Obviously, neither of us did very well, only scoring 57 and 54 points out of a possible 192. It turns out dogs are just as bad at predicting March Madness as the rest of us. However, we weren’t far from Obama’s 65 points (thanks to his immaculate 29/32 first round), and Daisy does deserve credit for having her team reach the final four.

So for anyone else who’s embarrassed by the mediocrity of their 2011 NCAA bracket, just be thankful that Paul the Octopus isn’t around to make you look worse.

2011 MLB predictions: American League

5 Apr

Francisco Liriano hopes his Minnesota Twins can win their seventh division title in 10 years. / Alan Turkus

On Friday, I posted my 2011 predictions for the National League. Today, we’ll take a look at the American League, as well as who will be the 2011 World Series champion.

AL East: Boston Red Sox

Last year, the Rays took the division by just one game over the Yankees. However, with the acquisitions of OF Carl Crawford and 1B Adrián González, the Red Sox have leap-frogged them both. Tampa Bay lacks the deep pockets required to keep elite-level talent like Crawford, and New York doesn’t have any depth behind CC Sabathia in their starting rotation.

Boston’s offense is one of the best in the league – and better than the Yankees’ – and their pitching can really only be rivalled by Philadelphia. The only concern about Boston (according to top baseball experts) is whether Josh Beckett can rebound from the worst season of his career (6-6, 5.78 ERA) and if Daisuke Matsuzaka can be more consistent. If Boston’s biggest worries are whether their fourth and fifth starters – who are a combined 101-56 in the last four years – can get it together, they won’t have any problems winning the division.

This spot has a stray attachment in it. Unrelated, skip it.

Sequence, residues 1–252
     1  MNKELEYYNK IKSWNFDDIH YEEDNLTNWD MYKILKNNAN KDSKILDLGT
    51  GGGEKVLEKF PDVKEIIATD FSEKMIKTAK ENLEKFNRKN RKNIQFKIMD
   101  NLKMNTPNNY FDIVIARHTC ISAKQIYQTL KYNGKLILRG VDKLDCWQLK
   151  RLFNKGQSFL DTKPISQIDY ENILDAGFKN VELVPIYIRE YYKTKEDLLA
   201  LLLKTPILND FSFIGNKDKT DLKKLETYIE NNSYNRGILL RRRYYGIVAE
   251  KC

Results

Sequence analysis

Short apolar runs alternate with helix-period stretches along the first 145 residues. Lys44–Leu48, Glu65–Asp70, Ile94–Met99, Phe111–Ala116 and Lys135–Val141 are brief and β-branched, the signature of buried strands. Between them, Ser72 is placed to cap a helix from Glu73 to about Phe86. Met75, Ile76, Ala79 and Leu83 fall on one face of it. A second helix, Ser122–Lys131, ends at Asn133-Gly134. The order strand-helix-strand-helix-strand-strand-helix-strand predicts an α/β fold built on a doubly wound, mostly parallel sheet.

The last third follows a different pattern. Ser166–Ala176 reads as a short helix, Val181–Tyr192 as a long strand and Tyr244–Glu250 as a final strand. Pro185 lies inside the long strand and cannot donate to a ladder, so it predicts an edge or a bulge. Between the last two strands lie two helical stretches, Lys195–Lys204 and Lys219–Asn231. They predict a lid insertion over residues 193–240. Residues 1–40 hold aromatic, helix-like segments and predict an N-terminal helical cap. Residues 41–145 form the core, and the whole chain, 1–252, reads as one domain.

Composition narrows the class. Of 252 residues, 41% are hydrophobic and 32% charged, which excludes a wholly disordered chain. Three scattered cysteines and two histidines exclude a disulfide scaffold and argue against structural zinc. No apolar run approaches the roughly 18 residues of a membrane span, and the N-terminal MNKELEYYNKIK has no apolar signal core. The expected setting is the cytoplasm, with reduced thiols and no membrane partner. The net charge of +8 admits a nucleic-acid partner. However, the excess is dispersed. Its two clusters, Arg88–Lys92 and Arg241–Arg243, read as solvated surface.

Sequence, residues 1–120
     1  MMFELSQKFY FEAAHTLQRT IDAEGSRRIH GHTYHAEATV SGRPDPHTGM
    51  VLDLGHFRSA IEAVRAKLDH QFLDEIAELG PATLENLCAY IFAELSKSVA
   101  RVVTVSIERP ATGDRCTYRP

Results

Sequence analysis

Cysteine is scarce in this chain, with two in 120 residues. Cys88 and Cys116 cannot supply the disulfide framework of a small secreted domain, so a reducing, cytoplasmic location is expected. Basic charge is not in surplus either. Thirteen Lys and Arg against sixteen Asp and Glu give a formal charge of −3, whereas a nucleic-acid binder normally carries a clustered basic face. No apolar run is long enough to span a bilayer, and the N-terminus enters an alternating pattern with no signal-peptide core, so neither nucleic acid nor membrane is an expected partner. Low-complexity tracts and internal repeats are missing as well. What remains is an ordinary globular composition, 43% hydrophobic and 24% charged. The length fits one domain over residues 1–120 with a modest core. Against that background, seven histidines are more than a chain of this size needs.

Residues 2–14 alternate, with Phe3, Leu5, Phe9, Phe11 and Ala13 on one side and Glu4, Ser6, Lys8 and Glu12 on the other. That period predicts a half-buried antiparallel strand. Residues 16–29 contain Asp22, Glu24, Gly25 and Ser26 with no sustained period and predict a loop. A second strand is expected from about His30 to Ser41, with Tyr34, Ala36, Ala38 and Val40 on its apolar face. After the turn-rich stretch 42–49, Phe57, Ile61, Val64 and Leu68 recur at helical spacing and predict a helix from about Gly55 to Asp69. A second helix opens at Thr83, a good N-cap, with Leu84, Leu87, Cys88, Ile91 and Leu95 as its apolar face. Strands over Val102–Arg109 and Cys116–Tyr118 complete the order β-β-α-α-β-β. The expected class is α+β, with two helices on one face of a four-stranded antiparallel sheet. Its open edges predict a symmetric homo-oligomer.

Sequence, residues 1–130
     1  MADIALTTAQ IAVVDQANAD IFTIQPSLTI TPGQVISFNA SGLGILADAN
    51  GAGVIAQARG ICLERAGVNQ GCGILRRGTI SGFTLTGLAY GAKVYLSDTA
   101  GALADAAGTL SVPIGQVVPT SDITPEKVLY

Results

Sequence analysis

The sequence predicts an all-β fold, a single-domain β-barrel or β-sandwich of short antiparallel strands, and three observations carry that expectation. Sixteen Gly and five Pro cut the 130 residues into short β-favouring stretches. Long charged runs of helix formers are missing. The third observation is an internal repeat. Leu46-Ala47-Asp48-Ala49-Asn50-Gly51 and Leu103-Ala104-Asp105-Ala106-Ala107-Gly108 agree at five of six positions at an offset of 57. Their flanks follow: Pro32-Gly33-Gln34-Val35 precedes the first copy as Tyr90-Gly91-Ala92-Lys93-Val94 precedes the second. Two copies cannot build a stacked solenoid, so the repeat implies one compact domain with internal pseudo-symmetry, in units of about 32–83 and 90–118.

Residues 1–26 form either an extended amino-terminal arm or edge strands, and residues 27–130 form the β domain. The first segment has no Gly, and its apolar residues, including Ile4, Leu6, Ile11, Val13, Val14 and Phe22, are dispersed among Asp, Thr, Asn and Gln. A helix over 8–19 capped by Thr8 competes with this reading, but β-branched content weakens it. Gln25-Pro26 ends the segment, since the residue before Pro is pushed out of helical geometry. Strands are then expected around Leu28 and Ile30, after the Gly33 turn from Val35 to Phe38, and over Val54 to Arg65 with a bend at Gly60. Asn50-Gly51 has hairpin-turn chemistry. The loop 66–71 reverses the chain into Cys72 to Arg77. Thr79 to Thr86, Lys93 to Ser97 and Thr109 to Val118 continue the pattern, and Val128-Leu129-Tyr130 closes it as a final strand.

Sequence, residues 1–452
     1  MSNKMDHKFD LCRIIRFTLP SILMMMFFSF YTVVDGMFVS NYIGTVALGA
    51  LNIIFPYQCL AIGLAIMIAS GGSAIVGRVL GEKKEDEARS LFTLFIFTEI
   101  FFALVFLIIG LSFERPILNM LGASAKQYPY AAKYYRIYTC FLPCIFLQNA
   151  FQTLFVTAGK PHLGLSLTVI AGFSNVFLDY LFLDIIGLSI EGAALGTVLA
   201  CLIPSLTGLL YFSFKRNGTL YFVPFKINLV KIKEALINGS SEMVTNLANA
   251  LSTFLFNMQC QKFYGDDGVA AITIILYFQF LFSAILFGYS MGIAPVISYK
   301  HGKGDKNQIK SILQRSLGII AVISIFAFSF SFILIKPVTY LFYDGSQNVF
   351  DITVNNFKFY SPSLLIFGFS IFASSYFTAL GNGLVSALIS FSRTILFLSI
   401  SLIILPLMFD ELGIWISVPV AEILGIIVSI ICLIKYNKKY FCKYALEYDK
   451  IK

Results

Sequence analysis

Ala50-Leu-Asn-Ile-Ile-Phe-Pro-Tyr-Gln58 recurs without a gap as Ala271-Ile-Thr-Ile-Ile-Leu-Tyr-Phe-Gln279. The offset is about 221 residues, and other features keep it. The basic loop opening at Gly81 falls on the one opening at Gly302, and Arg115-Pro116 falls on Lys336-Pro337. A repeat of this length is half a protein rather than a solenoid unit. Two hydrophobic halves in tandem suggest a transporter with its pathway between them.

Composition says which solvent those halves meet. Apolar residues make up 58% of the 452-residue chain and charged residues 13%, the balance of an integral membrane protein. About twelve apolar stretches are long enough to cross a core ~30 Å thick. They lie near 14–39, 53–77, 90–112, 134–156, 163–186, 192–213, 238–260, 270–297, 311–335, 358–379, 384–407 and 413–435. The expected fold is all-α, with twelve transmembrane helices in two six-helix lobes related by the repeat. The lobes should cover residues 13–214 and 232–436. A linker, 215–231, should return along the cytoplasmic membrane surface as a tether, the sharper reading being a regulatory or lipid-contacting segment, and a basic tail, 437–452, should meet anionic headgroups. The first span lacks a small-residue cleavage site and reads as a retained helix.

Runner-up: New York Yankees

Remember how great it felt when the Rays started being able to contend for the division title? Well, put those feelings away, because the two-party system is back.

While the Yankees were deemed the biggest losers in the offseason – being spurned by Cliff Lee, while Boston added two all-stars to their batting order – the Rays are the team that actually lost the most. In his nine seasons with the Rays, Carl Crawford recorded 409 stolen bases (31% of the team’s), and consistently hit around .300. So how do they replace his productivity? Manny Ramírez and Johnny Damon. This would be a good pickup… if it was 2003. Now they’re 38 and 37, and haven’t been productive in two years. Tampa seemed to finish near the top of every pitching category last year, but after trading Matt Garza to the Cubs for prospects, there isn’t much pitching depth behind David Price.  And while third-baseman Evan Longoria is an automatic all-star (zing!), the Rays offense simply cannot compete with the Yankees and the Red Sox.

The Yankees still have one of the best batting line-ups, and although they’d feel more comfortable having pitchers Phil Hughes and A.J. Burnett further down in the rotation, they’re still decent options for now. Look for the Yankees to make a big trade or two, later in the season (i.e. Seattle’s Felix Hernandez). The Yankees have the capital to get better, so if a second team from the AL East is making the post-season (which is likely, as it’s happened 12 out of 16 times since the wildcard was created), it’s going to be them.

AL East
2011 Prediction Last Season
1. Boston Red Sox 3 (89-73)
2. New York Yankees 2 (95-67)
3. Tampa Bay Rays 1 (96-66)